| 7-01-2020 12:02 PM PT
Photo by SF Chronicle
In a press release today, Stanford announced that Football players are now cleared to return to campus for training.
Alas, nobody in their picture is social distancing... then again same with ours. The announcement comes on the heels of a broader invitation for student athletes to return to campus made on June 18th, which provided a plan detailing all of the new custom COVID-19 protocols and restrictions necessary for admittance onto the Athletics Campus. As a refresher: daily digital screenings, standard mask / disinfecting requirements, and appointment-only access to indoor facilities.
Today's announcement offers only a few more valuable data points. For one, we now know that 53 individuals have requested and been approved to begin training on campus over the last two weeks. If you're rapidly Googling "how many players are on a football roster" like me, you'll discover that it's 125 for NCAA and 53 for the NFL. Is it a coincidence that exactly as many athletes as are necessary for a full football squad (by NFL standards) have been let onto campus? Maybe. The initial invitation was open to athletes of "all sports," but it wouldn't be surprising to hear that the Football team had been given some preferential treatment in approving that initial 53.
The press release also reiterates some of the NCAA legalese on preseason training limits. In the NCAA's eyes, a school's preseason beings 29 days before their first game. For Stanford, whose season starts (or is supposed to start, I should say) on September 5th against William & Mary, this would be August 7th. Any period before that is highly regulated in terms of the number of hours a team can ask of its students. From July 13th through 23rd, teams like Stanford are budgeted 8 hours of required training a week. From July 24th to August 6th, teams are budgeted 20 hours of required training a week. Thus, despite the announcement, students will likely be operating in the "voluntary individual activities" domain until July 13th, lest Stanford wants to have another John Rittman situation on hand, Stanford's former softball coach, who among other things was accused of violating NCAA practice hour quotas.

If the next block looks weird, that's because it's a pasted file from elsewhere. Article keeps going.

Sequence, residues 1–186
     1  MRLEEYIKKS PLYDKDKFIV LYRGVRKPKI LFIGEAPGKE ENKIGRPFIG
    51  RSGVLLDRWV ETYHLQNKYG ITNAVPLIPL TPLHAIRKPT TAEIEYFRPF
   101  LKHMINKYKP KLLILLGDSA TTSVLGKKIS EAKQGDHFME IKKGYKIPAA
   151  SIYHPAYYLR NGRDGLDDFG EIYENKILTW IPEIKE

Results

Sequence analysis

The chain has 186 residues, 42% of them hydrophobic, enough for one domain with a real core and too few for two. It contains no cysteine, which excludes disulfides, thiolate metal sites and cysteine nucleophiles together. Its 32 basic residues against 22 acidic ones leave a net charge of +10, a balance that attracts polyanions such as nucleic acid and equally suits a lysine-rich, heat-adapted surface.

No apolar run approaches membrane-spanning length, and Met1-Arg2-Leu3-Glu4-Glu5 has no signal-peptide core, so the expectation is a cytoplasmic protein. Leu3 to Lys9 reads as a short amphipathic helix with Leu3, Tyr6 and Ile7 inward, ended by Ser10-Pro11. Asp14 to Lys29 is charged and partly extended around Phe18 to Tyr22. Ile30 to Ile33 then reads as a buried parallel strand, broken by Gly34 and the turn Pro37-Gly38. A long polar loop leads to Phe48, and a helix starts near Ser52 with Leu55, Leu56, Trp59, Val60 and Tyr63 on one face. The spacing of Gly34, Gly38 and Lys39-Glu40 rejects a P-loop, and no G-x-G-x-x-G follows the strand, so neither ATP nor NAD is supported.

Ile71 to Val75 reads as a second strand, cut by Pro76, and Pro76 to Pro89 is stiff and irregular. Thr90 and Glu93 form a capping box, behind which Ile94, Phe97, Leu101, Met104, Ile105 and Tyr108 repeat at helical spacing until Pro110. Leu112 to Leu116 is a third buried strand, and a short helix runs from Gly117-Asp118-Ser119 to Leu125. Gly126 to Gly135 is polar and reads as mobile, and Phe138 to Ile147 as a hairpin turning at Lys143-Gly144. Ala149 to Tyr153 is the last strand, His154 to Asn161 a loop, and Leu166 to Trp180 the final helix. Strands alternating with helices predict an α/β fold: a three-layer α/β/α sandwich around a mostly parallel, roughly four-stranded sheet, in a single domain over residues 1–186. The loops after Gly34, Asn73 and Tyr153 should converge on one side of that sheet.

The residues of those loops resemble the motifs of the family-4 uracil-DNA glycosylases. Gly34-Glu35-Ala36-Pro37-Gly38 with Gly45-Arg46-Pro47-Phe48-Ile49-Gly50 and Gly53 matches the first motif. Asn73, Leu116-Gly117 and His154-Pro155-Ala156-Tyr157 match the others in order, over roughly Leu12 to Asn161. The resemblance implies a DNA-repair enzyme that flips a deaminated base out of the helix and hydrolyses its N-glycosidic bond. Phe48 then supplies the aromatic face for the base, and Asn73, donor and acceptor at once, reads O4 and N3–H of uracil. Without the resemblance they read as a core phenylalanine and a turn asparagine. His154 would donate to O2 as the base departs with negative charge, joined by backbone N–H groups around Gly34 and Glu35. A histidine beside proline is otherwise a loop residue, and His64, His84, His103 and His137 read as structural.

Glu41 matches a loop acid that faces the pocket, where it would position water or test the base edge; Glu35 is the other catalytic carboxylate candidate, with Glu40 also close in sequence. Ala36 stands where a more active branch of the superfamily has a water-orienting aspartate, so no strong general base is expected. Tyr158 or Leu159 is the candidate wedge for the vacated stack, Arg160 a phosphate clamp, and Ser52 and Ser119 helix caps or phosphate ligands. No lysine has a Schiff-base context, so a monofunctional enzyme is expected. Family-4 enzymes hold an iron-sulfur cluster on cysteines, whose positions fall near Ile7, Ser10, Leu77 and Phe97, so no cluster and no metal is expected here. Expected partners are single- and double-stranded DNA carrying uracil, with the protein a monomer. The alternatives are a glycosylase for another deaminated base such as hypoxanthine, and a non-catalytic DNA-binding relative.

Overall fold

The last item to note is that Stanford stated that returning is entirely voluntary and cannot result in penalty or loss of scholarship. As is often the case for official statements of this nature, this is likely hollow and not too reassuring for the athletes. David Shaw's system is famously seniority-based--as proof I offer up KJ Costello sitting behind Keller Chryst and Ryan Burns in the 2017 season. As an athlete in the same position, I would likely deem it absolutely necessary to show up on campus and show off my work ethic to earn Shaw capital regardless of the risk posed to my health. Plus, after a decade-low 4-8 record with losses to all three California schools, some athletes will be feeling pressure to improve their draft stock, which is tough to do while home for the summer. Given these dynamics, it would be nice to know if Football ramping up as an organization also means Stanford will begin offering housing and meals to students who make the trip to the Farm. Time will tell.
The Clemson football team has famously racked up 37 confirmed cases of COVID-19. We hope Shaw can keep the boys healthier as they begin their redemption march into the 2020 season.
UPDATE: A previous version of this article mistakenly claimed that NCAA Football rosters have 53 spots. This is the number of roster spots for NFL teams. The article has been updated accordingly. Thanks to @mbrooks05 for keeping me honest!
--Fear The Me.
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